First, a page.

‘Theory of the Earth; or an Investigation of the laws observable in the composition, dissolution, and restoration of land upon the globe… Read March 7 and April 4 1785,’ in Transactions of the Royal Society of Edinburgh, 1788, Part II, pp. 209-304, with two engraved plates.

Edinburgh: Royal Society, 1788.

First edition of this epoch-making work, the foundation of modern geology. “[Hutton’s] fundamental conception, now accepted as a matter of course, but then entirely new, was the doctrine of uniformitarianism. The formation of the surface of the earth is one continuous process which can be studied entirely from terrestrial materials without cosmological or supernatural intervention . . . Another important feature of Hutton’s system is his discussion of the erosion of land-surfaces due to the atmospheric, chemical and mechanical action of water. . . . his central ideas of uniformitarianism and of the effect of small changes in nature leading eventually to gigantic transformations have had far-reaching consequences in their influence on Charles Lyell and Darwin” (PMM). “Hutton’s theory - which he invariably referred to as a ‘system,’ the title ‘Theory of the Earth’ having been applied to the work by the editors of the Edinburgh Transactions - postulated a cyclical history of the earth in four stages, consisting of erosion, deposition of the eroded land as strata at the bottom of the ocean, compression of the strata under the heat which lies beneath the earth’s crust, and the fracturing and re-emersion of the fused sediments to form new continents. The revolutionary nature of Hutton’s system lay in its cyclical view of geologic processes - "a principle now accepted as axiomatic" (DSB), in its rejection of the catastrophic view of the processes of geological evolution, and in its focus on the materials of the earth itself as adequate testimony to a continuous and uniform process of change. Hutton’s methodology reflected this view and was of nearly equal import for the development of geology. He had formulated his theory by employing essentially the same methods used by modern field geologists: “He examined many different types of rocks, paying attention to their structural relations one to another; and he considered in detail the mineralogical and chemical composition of individual rocks. He also studied intensively the physical processes now operating on the earth’s surface... In constructing his theory, Hutton had used as a working hypothesis the assumption, based on his own observations, that the geological evidence provided by surface rocks provided both a key to the past and an indication of the future course of events. His theory formulated for the first time the general principle that some fifty years later came to be known as uniformitarianism” (DSB). Hutton’s theory was met with widespread criticism, and it was to defend himself against charges of atheism that he published the expanded two-volume version of his work in 1795, which consists largely of supporting proofs that had been omitted from his succinct initial presentation. His theories did not begin to gain general acceptance until after the publication of Lyell’s Principles of Geology (London, 1830-33), although it was another 30 years before Hutton’s theories of the role of erosion were proven correct” (Norman). “Hutton’s theory ... was first made public at two meetings of the Royal Society of Edinburgh, early in 1785. The society published it in full in 1788 [in the present volume]” (DSB).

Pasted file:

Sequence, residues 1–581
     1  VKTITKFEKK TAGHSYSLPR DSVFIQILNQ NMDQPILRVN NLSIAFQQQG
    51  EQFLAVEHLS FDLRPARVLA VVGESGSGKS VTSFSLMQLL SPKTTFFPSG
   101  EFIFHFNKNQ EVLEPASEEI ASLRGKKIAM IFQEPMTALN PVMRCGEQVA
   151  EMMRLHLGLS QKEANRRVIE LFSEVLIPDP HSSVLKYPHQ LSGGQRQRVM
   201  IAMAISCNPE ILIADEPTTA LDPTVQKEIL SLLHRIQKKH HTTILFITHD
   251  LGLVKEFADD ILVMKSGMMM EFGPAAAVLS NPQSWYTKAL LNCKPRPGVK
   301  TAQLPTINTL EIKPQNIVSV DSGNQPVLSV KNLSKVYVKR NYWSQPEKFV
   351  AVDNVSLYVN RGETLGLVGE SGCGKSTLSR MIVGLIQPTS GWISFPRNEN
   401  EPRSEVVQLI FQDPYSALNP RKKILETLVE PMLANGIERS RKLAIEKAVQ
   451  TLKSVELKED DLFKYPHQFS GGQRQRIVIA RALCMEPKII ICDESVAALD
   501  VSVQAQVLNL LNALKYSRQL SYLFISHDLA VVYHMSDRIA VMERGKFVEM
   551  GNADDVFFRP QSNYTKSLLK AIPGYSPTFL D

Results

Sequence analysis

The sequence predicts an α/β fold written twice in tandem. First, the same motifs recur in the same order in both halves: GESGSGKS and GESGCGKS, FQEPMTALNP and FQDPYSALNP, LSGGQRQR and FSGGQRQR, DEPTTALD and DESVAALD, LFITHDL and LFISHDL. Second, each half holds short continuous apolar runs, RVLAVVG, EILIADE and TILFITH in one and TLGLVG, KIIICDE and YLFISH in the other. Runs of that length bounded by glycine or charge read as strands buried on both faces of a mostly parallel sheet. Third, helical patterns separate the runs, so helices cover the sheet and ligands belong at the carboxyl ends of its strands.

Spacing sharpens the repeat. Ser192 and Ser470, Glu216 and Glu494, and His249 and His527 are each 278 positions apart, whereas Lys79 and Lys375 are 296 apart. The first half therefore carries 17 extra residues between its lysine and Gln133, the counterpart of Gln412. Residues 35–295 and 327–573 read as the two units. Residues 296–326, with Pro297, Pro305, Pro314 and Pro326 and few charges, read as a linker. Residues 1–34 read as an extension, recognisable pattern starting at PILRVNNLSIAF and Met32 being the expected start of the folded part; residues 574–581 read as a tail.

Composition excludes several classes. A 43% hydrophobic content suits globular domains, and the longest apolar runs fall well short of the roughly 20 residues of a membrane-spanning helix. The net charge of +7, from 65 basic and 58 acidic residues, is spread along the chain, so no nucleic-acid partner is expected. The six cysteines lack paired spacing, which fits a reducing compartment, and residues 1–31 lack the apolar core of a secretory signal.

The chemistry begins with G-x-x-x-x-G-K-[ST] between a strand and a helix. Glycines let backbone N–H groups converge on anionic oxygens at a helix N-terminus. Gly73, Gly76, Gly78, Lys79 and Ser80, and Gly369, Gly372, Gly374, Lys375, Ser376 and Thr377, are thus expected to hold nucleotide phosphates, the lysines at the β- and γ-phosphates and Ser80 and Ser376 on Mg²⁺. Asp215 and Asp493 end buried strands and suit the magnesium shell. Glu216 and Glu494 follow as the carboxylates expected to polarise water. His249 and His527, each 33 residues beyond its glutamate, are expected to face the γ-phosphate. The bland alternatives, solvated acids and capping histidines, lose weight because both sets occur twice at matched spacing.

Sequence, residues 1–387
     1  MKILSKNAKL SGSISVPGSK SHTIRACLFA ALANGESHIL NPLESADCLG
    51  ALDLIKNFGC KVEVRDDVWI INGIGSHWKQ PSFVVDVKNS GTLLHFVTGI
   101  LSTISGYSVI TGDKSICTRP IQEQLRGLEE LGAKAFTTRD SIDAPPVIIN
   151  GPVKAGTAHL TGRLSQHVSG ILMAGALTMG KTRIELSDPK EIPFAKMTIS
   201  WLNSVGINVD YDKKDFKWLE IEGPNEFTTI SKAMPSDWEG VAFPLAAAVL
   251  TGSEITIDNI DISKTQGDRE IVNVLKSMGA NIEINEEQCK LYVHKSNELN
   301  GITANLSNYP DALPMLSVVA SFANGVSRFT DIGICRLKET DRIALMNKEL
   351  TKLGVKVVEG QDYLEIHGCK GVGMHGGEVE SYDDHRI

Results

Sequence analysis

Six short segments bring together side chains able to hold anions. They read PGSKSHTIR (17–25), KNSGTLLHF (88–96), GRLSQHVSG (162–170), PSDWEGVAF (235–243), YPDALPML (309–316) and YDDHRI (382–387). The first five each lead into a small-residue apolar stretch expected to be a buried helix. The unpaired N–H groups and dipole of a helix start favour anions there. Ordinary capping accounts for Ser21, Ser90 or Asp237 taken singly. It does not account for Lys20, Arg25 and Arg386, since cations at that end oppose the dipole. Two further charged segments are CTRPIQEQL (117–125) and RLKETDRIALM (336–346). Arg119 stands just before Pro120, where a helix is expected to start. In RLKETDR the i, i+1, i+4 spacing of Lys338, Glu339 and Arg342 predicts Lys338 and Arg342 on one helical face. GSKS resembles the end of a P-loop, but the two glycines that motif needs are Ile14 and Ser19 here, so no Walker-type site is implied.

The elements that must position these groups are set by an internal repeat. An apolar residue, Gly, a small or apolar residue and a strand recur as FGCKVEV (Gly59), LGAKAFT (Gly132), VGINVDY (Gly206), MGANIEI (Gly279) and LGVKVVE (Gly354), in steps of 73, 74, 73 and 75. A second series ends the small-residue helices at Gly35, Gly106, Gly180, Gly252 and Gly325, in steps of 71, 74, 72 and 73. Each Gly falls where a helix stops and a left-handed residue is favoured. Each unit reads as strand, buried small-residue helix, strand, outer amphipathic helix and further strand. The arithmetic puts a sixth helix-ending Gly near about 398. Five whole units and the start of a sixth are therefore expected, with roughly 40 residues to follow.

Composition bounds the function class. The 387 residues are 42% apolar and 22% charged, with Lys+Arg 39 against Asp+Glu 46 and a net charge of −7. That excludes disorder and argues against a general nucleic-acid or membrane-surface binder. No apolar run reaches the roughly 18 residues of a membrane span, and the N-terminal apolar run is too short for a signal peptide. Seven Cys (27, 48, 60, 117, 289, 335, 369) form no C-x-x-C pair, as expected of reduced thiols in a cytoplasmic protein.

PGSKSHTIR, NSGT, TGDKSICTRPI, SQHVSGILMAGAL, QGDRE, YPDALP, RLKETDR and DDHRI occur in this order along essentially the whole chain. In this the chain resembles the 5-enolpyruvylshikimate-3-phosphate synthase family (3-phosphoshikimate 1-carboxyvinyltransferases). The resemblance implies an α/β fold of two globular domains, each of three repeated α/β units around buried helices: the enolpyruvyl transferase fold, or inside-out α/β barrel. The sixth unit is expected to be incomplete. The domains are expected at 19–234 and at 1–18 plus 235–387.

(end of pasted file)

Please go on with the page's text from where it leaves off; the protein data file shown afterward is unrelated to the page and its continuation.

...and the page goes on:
“We may summarize Hutton’s famous essay as follows:

Part I: Prospect of the Subject to be Treated of. As our perceptions of it affirm, the earth is a unique creation, specifically designed by its infinitely wise Creator to serve as a habitable world for life in all its forms. This world consists of four essentially spherical parts – core, water, crust, and air – each of which contributes to the maintenance of life. The world as a whole is subject to such basic powers as centripetal and centrifugal forces (which, being kept in balance, maintain our globe at a proper distance from the sun), light, heat, cold, and condensation, all of which foster motion and activity.